Break cane for fun and profit

cane

Arundinaria Gigantea  Known as:

  • Cane
  • Southern Cane
  • Cane Reed
  • Switchcane
  • Canebrake Bamboo
  • Macon Rivercane (a specific variety available as an ornamental plant)

I’ve collected this information from many sources on the web, while I searched for a source of cane for my Quills project.  I put it here for the benefit of those who don’t want to spend the time searching.

The plant is native to the southern U.S.  Although cleared to near extinction, it still can be found in wetlands and well drained floodplain forests. It is found in canebrakes, thick clusters of plants that grow up to 25 feet high and up to a diameter of 1 and even two inches.

It is the largest native member of the bamboo family to grow in the United States, and its stalks have been used historically for fishing poles, baskets, blowguns, as well as to make quills and fifes. The young shoots are edible.

It was an important forage food for animals, and is said to be a favorite food of the caterpillars of the southern pearly eye butterfly. 

Unlike most other grasses, cane possesses evergreen stems which survive for up to 10 years.  The extinction of the Carolina Warbler is said to be linked to the clearing of the southern cane brakes. Cane is easily distinguished from other grasses by its stout, hollow, jointed stems.  The plant can withstand extreme temperatures of-15 or -25 degrees to 105 degrees, depending on the variety.

 

 

Distrubution of Arundinaria Gigantea, from http://plants.usda.gov/home_page.html

The cane used for quills should be 4 to 5 years old, to give the walls of the plant time to harden.  If you choose to grow cane, remember that the plant has aggressive runners, so a root shield should be used to contain the stand of plants.

Cane has been cleared from most areas by farmers in the south, but still can be found in river wetlands and marshes.  It is also grown as an ornamental plant, and can be purchased from a number of dealers in different parts of the country.  In the Pacific Northwest, (where cane does not grow natively), there are several sources, including the following:

Bamboo Gardens

A specialty retail and wholesale nursery

Location:

196th Ave NE & Highway 202, Redmond. Mailing address:

5016-192nd Place NE  Redmond, WA 98074

Phone 425-868-5166  Fax 425-868-5360   I purchased my plant from these people and found them very friendly and supportive of the project. The only problem so far is that the plant I now own will take several years to reach the size needed to produce good, strong cane.  Because of this, I am also looking for a source of mature southern cane, if you have one to suggest!

A French grand cornemuse, 18th c, private collection

The instrument is incomplete, with some parts modern.  The chanter is known to be original, and the top joint of the bass drone known to be a reproduction. These images are based on full-size xerox originals, which are (unfortunately) the best quality images I have at hand.  The pewter inlay is particularly spectacular on this instrument.

The images have been scaled to fit on the page, but the files are actually at much higher resolution.   They can be downloaded and viewed in any image editing program.  These images are not displayed to scale on this page, but the source images should scale correctly.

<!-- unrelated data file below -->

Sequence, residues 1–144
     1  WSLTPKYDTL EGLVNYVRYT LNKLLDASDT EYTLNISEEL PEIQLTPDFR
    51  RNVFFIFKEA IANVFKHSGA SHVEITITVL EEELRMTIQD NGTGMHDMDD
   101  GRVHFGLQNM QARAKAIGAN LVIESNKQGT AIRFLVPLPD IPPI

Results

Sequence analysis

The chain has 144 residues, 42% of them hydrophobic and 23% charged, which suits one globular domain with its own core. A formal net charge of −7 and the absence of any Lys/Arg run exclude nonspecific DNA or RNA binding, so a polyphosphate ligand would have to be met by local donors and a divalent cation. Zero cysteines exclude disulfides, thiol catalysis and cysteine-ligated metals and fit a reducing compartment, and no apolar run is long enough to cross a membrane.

These are from my own working notes, with no guarantee regarding the information’s accuracy.   I’ve included this information simply because it is not documented elsewhere, and it may be of value to others.  If you have more to add, please comment.


Chanter

Composite_Chanter

LOA:                 635

  • tenon:              32.4         dia: 22.2

  • Chanter top:    64           dia: 25.7

  • Bell                  635         dia: 66

bore:

  • Staple socket:  0 to 35, about dia 7

  • Bore throat:    35         dia about 4

Fingerholes:  Hole diameter from tracing, actual hole throat a bit smaller.

  • Th:    139        dia: 5

  • 1        170         dia: 6

  • 2        202         dia: 7

  • 3        232         dia: 8.5

  • 4        301         dia: 9

  • 5        335         dia: 9×12

  • 6        373         dia: 8.5

  • 7        405         dia: 6.5    doubled in renaissance style, one hole plugged with wax


Top joint, Bass Drone

Composite_Bass_Drone--Top_Joint

LOA: 453

Bore:   9.4


Middle Joint, Bass Drone

Composite_Bass_Drone--Middle_Joint

LOA:  442

Bore:   9.1


Bottom Joint, Bass Drone

 

Composite_Bass_Drone--Lower_Joint

LOA:  442

Bore:   7.5


Stock-Drone.BMP (35400 bytes)

Base Drone Stock


Blowpipe

BlowPipe


 

tracings

Some rough rubbings of inlays

Court Musette, late 17th Century, Private collection

(Contents of this page copyright 1999, Norm Sohl)

musette_photo_A

Chanter, Stocks, petite chamelou.   Note the threaded bell–this detail was noticed only after submitting the instrument to x-ray inspection.

musette_photo_B

Chanter, Stocks, petite chamelou.   Different view.  The chanter bell is fully assembled in this picture.

Musette_Xray_Chanter4

X-ray of chanter, showing side view of fingerholes, with details of undercutting.

Musette_Xray_Chanter3

X-ray of chanter, showing side view of keyed holes, with details of undercutting.

musette_Xray_Chanter

Positive print of same view.

musette_Xray_Small_Chanter2

Small chanter (petite chamelou)

Musette_Xray_Small_Chanter

Small Chanter, side view.